Justen, 14, is a freshman at Woodland High and interested in coding. Both brothers have Duchenne Muscular Dystrophy and are enrolled with DSCC.
Their stepfather, Charles Cusick, said the family wanted to learn more about jobs and career fields that are accessible for the boys and provide more opportunities than what’s available in their small community.
They were also seeking information about camps and other recreation programs for Jaysen now that he has aged out of other programs.
The brothers enjoyed talking with some of the vendors about college resources, job coaching and training programs, and future housing opportunities.
Jaysen would like to live on his own but needs to make sure he has the right supports in place.
The brothers’ mom, Deanna Cox, said she appreciated the breakout session on Supplemental Security Income (SSI) benefits. Jaysen and Justen’s dad passed away in June, and the session helped her better understand how to help her boys keep the benefits they’re entitled to.
The family met up with their DSCC Care Coordinator Kristin Lenover during the conference.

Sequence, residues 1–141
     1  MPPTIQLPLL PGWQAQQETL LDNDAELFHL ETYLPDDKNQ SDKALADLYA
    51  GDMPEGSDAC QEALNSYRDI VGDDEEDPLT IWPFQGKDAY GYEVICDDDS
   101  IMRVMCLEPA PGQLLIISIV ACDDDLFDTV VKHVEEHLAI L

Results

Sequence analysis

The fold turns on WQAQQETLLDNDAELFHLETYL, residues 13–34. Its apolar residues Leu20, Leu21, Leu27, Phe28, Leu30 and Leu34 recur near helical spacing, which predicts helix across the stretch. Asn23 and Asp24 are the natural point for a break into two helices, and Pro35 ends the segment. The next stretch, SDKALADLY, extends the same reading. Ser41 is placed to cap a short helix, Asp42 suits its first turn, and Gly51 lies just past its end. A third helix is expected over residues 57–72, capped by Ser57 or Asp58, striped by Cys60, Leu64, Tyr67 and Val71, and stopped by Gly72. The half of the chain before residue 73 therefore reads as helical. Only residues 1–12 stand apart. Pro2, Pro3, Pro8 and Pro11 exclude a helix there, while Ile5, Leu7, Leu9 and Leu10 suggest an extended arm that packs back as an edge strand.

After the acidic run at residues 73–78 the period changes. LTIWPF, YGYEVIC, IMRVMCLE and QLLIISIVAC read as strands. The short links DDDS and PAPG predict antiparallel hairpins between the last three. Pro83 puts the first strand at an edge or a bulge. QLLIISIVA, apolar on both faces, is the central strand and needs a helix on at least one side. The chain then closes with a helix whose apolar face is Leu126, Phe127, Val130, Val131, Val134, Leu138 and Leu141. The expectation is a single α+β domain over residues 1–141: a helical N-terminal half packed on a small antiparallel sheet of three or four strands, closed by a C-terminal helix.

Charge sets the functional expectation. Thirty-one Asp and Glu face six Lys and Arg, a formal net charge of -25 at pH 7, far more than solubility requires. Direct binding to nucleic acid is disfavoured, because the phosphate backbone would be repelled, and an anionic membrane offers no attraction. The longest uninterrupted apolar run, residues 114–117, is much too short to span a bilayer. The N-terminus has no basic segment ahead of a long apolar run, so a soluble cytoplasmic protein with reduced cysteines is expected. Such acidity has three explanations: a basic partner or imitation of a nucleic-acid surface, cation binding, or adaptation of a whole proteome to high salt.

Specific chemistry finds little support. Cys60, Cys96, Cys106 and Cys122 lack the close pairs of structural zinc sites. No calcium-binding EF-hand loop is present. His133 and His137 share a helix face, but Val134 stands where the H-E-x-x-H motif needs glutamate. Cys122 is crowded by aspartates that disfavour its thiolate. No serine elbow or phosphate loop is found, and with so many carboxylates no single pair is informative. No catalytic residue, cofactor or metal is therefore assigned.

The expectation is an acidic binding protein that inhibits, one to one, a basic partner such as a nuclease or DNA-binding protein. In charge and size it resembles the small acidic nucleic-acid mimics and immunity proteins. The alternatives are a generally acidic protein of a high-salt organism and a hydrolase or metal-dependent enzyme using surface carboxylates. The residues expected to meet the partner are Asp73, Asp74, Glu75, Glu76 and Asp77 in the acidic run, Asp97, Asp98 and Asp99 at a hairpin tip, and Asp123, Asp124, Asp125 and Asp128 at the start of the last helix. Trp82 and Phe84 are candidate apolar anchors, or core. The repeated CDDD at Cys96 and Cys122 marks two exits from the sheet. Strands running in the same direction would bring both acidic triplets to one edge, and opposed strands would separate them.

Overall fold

“If families can get away from work, there’s so much they will get out of being at the transition conference,” Kristin said. “Attending in person gives you so much access to all kinds of information. There are also opportunities to meet other families, trade stories and network.”
Thirty DSCC team members attended the conference to network, learn from others and strengthen their skillsets and tools to serve participant families.
DSCC also sponsored the conference’s healthcare track for providers who play a role in the transition from the pediatric to adult healthcare system and those who build youth’s capacity and healthcare skills to prepare for adulthood.
DSCC Transition Specialist Darcy Contri has helped plan the conference since it began 17 years ago. This year’s event was her last before she retires.